The case involved Hillary Rodham Clinton (the movie), the future of campaign finance reform and the sanctity of the 1st Amendment guarantee of free speech. Just the usual fodder for a Supreme Court tasked with being the last appeal for all causes, from all corners.
There were a few firsts at the hearing Wednesday.
Elena Kagan made her first argument at the high court as solicitor general, presenting the government's case that "Hillary: The Movie" was a campaign ad and therefore subject to regulation by campaign finance laws.
She was facing off against a former solicitor general, Theodore B. Olson, who was arguing that those laws violate the 1st Amendment rights of corporations and unions by banning them from political speech.
"Why is it easier to dance naked, burn a flag or wear a T-shirt profanely opposing the draft," Olson said in July at the conservative Federalist Society, "than it is to advocate the election or defeat of a president? That cannot be right."
The case is so pivotal -- and so potentially tumultuous to decades of campaign finance law -- that the justices returned from their summer recess three weeks early to hear arguments.
And the case could be decided by two justices appointed by President George W. Bush, Chief Justice John G. Roberts Jr. and Justice Samuel A. Alito Jr., who may have to choose between personal views and court precedents.
But no matter all of that.
Sonia Sotomayor, the first Latina justice and President Obama's first high court appointment, spoke her first words from the bench. And the world took note.
By all accounts, she jumped right into questioning. She appeared skeptical of arguments by Citizens United that the conservative group's 90-minute campaign-era movie about Clinton ("Not a musical comedy," observed Justice Stephen G. Breyer) was protected speech. And she questioned Olson about why he had abandoned a former argument -- that Citizens United was not really a corporation -- for a more sweeping one, that campaign funding restrictions discriminate against corporations.
Upbraided by several Republican senators during her confirmation hearings about the importance of respecting court precedents, she asked Olson why he seemed so intent on toppling it in this case. Her first words:
"Mr. Olson, are you giving up on your earlier arguments that there are ways to avoid the constitutional question to resolve this case? I know that we asked for further briefing on this particular issue of overturning two of our court's precedents. But are you giving up on your earlier arguments that there are statutory interpretations that would avoid the constitutional question?"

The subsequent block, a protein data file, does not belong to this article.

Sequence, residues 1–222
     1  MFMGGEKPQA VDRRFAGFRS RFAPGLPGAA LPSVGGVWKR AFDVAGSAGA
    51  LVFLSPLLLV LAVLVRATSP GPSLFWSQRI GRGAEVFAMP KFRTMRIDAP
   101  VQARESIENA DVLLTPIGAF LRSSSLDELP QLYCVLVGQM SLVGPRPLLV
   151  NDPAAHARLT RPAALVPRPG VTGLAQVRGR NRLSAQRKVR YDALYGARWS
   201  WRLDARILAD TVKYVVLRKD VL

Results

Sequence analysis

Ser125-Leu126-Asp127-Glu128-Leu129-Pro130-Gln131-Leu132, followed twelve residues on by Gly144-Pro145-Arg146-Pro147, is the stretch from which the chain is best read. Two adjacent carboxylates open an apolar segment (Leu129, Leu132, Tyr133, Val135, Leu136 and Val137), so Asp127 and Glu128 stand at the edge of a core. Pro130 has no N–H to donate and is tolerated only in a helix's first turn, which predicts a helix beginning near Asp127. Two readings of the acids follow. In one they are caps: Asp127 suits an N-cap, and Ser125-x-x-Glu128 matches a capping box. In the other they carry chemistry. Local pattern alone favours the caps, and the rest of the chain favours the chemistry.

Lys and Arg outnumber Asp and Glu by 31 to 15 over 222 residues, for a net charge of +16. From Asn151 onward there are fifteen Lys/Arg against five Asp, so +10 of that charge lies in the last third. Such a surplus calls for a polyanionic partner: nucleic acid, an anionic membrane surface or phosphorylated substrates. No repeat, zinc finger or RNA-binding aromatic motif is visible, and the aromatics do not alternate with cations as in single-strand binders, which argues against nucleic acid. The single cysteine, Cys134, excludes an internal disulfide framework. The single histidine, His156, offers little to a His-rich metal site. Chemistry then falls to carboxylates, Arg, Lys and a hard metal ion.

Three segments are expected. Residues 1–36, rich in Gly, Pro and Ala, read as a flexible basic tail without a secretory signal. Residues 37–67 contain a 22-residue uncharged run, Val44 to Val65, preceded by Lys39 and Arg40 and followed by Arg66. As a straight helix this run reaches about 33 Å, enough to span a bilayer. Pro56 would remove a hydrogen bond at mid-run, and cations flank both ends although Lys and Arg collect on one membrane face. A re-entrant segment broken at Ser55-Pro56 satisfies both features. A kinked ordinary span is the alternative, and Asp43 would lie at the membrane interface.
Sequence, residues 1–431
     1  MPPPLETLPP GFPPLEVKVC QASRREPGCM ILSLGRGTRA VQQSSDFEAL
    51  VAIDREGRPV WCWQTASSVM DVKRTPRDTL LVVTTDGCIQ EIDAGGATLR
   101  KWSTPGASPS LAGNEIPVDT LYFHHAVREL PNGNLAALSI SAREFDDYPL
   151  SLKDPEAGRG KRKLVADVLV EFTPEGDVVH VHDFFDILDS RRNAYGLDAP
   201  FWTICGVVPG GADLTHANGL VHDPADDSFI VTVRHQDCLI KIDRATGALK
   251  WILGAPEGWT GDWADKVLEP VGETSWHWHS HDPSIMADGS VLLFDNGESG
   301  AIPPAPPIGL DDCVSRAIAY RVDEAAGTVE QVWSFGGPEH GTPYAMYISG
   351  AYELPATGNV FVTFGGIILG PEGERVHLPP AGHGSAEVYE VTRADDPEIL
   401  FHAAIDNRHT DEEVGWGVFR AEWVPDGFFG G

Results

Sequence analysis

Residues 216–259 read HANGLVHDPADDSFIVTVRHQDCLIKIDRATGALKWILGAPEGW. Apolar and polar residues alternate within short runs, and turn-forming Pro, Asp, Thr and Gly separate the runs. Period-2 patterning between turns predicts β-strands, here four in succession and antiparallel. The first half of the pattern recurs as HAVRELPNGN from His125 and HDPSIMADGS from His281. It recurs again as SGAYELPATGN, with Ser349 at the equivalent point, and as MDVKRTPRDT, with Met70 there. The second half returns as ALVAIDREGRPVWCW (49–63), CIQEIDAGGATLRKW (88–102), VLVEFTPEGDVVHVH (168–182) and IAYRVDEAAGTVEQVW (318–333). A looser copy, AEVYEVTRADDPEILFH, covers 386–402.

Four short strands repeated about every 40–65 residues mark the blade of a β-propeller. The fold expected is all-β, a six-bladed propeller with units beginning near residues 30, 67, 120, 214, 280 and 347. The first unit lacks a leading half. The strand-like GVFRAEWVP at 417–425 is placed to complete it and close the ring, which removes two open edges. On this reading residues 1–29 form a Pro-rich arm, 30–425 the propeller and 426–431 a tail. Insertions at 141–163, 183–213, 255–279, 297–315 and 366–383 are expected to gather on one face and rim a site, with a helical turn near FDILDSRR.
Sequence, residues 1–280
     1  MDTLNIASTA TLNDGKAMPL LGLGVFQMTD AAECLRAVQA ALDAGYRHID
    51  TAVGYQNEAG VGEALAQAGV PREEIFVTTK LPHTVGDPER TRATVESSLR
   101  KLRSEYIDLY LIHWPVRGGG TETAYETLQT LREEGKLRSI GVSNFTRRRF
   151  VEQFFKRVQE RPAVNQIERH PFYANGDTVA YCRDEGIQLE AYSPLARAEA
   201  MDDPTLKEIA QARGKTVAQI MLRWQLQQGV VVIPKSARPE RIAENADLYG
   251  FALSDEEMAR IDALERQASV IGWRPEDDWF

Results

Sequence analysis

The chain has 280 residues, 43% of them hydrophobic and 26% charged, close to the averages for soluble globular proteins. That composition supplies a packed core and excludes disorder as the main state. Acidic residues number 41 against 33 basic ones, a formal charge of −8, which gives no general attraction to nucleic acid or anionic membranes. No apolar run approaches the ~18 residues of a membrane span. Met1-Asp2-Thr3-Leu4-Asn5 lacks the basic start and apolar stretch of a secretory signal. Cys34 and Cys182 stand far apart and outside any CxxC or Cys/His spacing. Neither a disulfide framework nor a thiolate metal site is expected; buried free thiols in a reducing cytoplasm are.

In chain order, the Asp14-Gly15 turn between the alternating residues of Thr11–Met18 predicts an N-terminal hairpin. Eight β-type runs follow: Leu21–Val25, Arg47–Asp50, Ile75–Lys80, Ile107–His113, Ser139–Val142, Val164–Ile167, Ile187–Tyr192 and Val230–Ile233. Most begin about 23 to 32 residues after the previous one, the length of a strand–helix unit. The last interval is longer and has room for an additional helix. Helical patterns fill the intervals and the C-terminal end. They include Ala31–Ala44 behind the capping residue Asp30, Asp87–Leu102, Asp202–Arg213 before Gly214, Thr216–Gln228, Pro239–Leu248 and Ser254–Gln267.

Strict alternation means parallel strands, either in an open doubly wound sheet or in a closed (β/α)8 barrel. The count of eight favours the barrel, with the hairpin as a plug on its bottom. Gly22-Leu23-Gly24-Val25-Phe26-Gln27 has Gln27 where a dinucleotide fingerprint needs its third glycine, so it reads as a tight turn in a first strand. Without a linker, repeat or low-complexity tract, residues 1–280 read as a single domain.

His answer: No.
'Aisle caucus' tradition lives on
There are the perennials at any presidential address to Congress: the lawmakers who manage to get an aisle seat and virtually throw themselves into the arms of any president who arrives to deliver a speech.
Last week was no exception.
Democratic Reps. Sheila Jackson-Lee of Texas (last seen at pop icon Michael Jackson's memorial service offering a congressional resolution that never actually materialized) and Eliot L. Engel of New York (who has been arriving early for State of the Union addresses since the beginning of President George H.W. Bush's term) led the fierce competition for an aisle seat to shake President Obama's hand before his speech on healthcare Wednesday.
"They want face time with the president, whoever he is," observed Rutgers University's Ross Baker. "They are willing to spend half a day or more basically squatting on the aisle just to shake a president's hand or kiss him."
Oddly, they come from safe districts, so it's not like they need the face time with a POTUS to win reelection.
And they seem equally smitten whether the president is a Democrat or a Republican.
But for members of what Baker calls "the aisle caucus," the magic seems to be nothing more glorious than rubbing shoulders with political celebrities.
This year, said one congressional source who arrived in the House chamber for preparations, the first arrivals seem to have been Michigan Democratic Rep. Carolyn Cheeks Kilpatrick, followed by Engel, who was there at 8:30 a.m. to mark his seat. The speech wouldn't start until 8 p.m.
In a change from past years, said CNN, some Democrats even put markers on seats on the Republican side of the aisle. And this year too, some Republicans, including Reps. Tim Murphy of Pennsylvania and Cliff Stearns of Florida, came early to reserve seats.
Maybe we should call it the presidential junkie caucus.
Neuman writes for The Times.
Top of the Ticket, The Times' blog on national politics ( www.latimes.com/ticket "> www.latimes.com/ticket ), is a blend of commentary, analysis and news. These are selections from the last week.